Make sure your kids know what indigenous people lived on your land. Help them learn what those people did, and do now, to celebrate the turnings of the year. Help them learn what those people did, and do now, to live with the land, so they can see themselves as part of a chain of people who have cared for that land, in that place. Work can be blessing, nurture a daily ritual.

They also absolutely need to learn what happened at the hands of colonizers to the indigenous people who lived on the land they now call home. You say you struggle with claiming as “home” land that your ancestors colonized, but honestly, I don’t think claiming “the universe” instead is helping indigenous people now. If you want to help indigenous people, educate yourself and your kids about history and current struggles of indigenous people in the place you live. Make a commitment to offer resources (time, money, labor) together as a family to support efforts towards Native sovereignty and community vitality.

Do not underestimate, however, the power of teaching your kids to live humbly in collaboration with the land they call home, striving always for a mutually beneficial partnership with the natural world around them. That is the opposite of the colonial mindset, which saw land as an inanimate resource to be claimed and exploited.

Decolonizing their minds involves not just teaching them complicated history, or working to invest them in current struggles. It is also changing the way that they live with the land — liberating how they care for it, celebrate it, and fight for it when necessary, from a disembodied, power-over, exploitative, capitalist, individualistic mindset.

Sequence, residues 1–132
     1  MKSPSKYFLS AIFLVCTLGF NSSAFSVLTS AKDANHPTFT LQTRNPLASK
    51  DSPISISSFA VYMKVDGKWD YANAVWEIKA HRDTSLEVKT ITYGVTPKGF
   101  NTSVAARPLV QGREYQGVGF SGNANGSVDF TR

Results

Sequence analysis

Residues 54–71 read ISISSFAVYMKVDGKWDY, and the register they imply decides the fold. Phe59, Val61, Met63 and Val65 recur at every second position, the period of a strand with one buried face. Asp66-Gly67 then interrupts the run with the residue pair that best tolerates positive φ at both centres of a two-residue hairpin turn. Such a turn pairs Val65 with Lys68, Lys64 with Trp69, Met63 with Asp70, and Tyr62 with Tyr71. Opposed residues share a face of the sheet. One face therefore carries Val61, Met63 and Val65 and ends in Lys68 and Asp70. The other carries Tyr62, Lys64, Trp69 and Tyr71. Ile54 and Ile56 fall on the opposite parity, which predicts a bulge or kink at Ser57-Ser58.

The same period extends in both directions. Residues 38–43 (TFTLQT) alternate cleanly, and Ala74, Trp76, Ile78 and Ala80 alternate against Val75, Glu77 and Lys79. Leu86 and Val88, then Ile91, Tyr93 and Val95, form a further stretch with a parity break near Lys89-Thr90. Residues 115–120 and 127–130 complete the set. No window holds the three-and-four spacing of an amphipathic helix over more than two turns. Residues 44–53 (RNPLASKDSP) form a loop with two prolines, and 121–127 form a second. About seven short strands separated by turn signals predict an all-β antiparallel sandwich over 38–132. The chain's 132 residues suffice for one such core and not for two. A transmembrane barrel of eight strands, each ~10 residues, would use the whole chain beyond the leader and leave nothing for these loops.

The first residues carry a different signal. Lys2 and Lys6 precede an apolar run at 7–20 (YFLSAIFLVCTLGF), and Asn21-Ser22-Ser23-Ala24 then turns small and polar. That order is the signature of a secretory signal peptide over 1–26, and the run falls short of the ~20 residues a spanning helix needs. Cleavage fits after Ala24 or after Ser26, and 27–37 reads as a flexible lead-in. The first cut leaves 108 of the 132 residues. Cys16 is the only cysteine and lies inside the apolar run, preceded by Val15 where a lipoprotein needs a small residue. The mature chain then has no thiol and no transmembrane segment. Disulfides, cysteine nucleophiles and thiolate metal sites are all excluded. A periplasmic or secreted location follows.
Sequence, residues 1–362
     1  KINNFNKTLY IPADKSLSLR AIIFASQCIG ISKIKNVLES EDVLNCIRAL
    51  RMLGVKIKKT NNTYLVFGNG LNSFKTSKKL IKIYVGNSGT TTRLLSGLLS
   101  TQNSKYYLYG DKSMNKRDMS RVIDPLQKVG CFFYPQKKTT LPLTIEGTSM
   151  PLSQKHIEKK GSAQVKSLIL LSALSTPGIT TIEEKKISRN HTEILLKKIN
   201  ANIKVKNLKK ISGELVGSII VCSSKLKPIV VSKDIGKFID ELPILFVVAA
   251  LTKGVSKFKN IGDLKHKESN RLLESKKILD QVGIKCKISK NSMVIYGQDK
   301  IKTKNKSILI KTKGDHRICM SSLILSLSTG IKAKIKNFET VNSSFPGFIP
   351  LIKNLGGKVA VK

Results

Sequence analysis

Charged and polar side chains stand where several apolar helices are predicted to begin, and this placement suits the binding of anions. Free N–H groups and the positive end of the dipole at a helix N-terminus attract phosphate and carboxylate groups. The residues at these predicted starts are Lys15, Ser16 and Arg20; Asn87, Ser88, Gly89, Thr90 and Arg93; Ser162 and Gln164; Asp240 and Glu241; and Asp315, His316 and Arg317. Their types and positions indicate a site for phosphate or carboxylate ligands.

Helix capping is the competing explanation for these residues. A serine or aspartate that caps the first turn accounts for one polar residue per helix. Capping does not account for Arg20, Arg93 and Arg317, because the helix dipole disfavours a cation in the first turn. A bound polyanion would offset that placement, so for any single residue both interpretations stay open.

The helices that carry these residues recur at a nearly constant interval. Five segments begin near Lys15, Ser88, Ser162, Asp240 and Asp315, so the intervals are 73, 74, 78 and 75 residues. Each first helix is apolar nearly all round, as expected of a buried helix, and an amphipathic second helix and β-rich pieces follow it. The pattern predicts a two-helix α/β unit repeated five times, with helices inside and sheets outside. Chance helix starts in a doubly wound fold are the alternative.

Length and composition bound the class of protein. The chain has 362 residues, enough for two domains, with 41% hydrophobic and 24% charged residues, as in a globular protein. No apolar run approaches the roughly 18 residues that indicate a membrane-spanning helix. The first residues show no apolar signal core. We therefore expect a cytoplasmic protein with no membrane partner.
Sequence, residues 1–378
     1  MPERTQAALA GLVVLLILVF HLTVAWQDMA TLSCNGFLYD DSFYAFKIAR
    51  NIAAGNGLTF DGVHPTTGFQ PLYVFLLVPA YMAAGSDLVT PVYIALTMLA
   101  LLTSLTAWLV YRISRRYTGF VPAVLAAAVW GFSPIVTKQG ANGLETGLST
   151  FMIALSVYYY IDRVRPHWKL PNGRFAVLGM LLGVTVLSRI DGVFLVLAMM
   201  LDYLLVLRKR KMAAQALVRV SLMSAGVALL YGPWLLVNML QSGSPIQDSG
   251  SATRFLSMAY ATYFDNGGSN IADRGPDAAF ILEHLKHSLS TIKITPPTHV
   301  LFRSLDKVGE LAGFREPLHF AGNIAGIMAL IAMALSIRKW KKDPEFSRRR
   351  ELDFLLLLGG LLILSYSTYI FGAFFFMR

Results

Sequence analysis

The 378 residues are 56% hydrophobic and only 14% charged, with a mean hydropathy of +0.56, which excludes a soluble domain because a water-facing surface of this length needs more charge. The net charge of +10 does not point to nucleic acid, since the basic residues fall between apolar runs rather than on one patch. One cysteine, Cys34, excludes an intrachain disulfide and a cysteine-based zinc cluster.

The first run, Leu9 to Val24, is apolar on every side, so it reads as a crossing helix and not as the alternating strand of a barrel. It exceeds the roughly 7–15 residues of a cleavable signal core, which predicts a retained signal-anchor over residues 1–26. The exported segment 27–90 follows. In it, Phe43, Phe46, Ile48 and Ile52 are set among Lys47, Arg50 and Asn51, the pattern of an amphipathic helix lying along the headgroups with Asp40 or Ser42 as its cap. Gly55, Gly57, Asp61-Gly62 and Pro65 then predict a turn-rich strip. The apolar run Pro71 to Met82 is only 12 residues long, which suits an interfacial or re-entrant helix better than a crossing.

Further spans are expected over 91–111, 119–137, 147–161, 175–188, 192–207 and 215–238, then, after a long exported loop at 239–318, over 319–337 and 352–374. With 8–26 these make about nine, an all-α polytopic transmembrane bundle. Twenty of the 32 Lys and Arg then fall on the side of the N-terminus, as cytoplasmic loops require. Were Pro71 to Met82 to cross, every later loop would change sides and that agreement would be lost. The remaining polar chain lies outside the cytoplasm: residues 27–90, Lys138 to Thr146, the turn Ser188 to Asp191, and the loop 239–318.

Stop floating above it all, hoping for some perfect way out of the mess. There is no perfect way, and no one needs your guilt or shame about it. Certainly, your children don’t. What they need is for you to plant your feet and be here, with all of the complications, responsibility, grief and yearning, so you can help them grow connected and wild, decolonized and free.

Spirit will be with you. It always is.

Thank you for walking this journey with me. Love to you and yours.

XO, Asha

Want to walk further together? A new Walk With Me is published every Wednesday at noon (EST). You can also catch up on recent Walk With Me columns below.

Walk With Me (#18): Let Her Grow Away

Walk With Me (#17): The World Will Break You (Open)

Walk With Me (#16): Everywhere and Nowhere

Walk With Me (#15): Finding Grounding in the Midst of Chaos

Walk With Me (#14): What is the ‘Best Self’ of a White Person?

Do you have a question about relationships, sex, parenting, politics, spirituality, community? Send them to me at ashasanaker@gmail.com with the subject line “Walk With Me”. Let’s walk each other home.

Asking questions, telling stories, giving my people information they can use to make change happen.